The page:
Of all of the weird aches and pains I experienced during my five pregnancies, round ligament pain might have been the strangest — mainly because I'd never heard of such a thing before growing babies. If you are somewhere in your second or third trimester, you know the sensation: a sharp, stabbing pain in your lower abdomen (that feels like it should be a big deal). But don't worry, round ligament pain is normal and not harmful to you or your baby. We talked to three doctors to get the lowdown on what exactly round ligament pain is, why it happens, and what women can do to lessen the discomfort.
What is a round ligament?
It sounds like a made-up body part, but it's not. As Megan Quimper, MD, an ob-gyn at The Ohio State University Wexner Medical Center, told POPSUGAR, "The round ligament attaches the uterus to the front abdominal wall. As the uterus grows and stretches during pregnancy, it pulls this ligament, which can cause sharp or cramping pain." Basically, baby and belly growing equals potential ligament stretching . . . and the associated discomfort.
When during pregnancy will you experience round ligament pain?
Kecia Gaither, MD, MPH, FACOG, an ob-gyn and maternal fetal medicine specialist and director of Perinatal Services at NYC Health + Hospitals/Lincoln, said the second trimester is when "the uterus begins to grow outside of the pelvis." That's when you'll feel the so-called "ligamentous supports" of the uterus stretching. The good news is that according to Gaither, this pain will generally resolve within a few weeks. The bad news (sorry!), Quimper told POPSUGAR, is that round ligament pain can occur over the course of your entire pregnancy. Sudden movements like coughing or turning over in bed can make the pain worse, according to Dr. Tara Harris, an ob-gyn at Baylor Obstetrics and Gynecology at Texas Children's Pavilion For Women in Houston.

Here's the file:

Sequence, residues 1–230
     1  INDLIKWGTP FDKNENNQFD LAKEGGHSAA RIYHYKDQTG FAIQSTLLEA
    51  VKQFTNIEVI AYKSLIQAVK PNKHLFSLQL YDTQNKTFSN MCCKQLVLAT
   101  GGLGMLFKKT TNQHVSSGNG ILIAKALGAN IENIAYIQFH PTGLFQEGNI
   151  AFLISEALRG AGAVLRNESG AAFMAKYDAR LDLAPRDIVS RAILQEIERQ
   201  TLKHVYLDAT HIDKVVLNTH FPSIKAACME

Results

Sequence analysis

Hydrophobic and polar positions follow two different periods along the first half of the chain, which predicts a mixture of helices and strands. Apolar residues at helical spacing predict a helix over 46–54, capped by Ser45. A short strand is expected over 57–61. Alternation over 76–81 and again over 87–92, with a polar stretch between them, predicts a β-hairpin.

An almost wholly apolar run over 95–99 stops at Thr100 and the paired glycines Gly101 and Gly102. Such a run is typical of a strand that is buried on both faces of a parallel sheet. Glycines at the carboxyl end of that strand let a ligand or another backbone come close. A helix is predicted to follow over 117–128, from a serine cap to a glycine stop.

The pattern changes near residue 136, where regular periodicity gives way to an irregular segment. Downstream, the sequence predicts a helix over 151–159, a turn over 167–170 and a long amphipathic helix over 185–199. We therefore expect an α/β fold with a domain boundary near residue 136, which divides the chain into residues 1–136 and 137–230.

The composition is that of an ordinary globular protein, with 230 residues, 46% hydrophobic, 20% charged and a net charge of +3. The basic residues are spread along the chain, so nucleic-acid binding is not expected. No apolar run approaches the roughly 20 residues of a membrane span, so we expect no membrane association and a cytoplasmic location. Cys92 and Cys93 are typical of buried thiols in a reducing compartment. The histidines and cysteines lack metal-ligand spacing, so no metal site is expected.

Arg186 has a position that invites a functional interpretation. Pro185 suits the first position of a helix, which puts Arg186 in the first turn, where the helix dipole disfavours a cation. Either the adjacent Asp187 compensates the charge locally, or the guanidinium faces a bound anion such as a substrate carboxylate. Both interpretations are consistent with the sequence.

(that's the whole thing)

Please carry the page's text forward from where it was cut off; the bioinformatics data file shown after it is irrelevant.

What can you do to ease the discomfort of round ligament pain?
Stay hydrated, and take acetaminophen when the pain is really bad. You can try using an abdominal support garment as well. Harris advises pregnant women to "try repositioning themselves slowly. Certain positions may help, such as getting on your hands and knees, then lowering your head while keeping your buttocks in the air. You can also try a warm (not hot!) bath."
As for me, I found regular exercise and stretching to be helpful in easing most pregnancy discomfort, including round ligament pain. And I can attest that it does go away eventually. And that like every other pregnancy-related ache and pain, it's all worth it once you meet your little miracle. Hang in there, mamas!